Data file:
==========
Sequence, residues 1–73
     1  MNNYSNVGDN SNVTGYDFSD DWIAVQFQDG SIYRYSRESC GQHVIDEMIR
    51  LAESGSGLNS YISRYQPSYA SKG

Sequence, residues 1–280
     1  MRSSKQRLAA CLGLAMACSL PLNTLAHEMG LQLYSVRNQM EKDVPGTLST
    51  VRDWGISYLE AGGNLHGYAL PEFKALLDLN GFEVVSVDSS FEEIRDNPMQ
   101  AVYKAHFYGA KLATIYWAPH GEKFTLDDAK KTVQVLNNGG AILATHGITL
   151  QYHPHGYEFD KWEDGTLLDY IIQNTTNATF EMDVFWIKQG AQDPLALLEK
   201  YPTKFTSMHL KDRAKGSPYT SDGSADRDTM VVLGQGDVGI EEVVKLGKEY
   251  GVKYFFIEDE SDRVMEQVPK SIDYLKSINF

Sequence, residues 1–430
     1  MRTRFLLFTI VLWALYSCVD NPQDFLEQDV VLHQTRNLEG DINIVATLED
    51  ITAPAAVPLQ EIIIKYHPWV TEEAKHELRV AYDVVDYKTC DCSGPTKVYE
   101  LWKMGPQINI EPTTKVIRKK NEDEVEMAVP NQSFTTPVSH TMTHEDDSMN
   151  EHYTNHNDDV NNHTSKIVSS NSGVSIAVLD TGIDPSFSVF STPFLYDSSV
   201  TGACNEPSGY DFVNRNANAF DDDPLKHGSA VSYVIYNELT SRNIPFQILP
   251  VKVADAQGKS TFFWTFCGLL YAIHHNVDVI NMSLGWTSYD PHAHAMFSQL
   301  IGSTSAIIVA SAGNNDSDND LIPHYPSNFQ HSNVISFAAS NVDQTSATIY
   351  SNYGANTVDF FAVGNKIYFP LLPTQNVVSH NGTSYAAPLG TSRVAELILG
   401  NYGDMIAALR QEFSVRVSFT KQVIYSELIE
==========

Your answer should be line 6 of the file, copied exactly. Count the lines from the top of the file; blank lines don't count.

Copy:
    51  VRDWGISYLE AGGNLHGYAL PEFKALLDLN GFEVVSVDSS FEEIRDNPMQ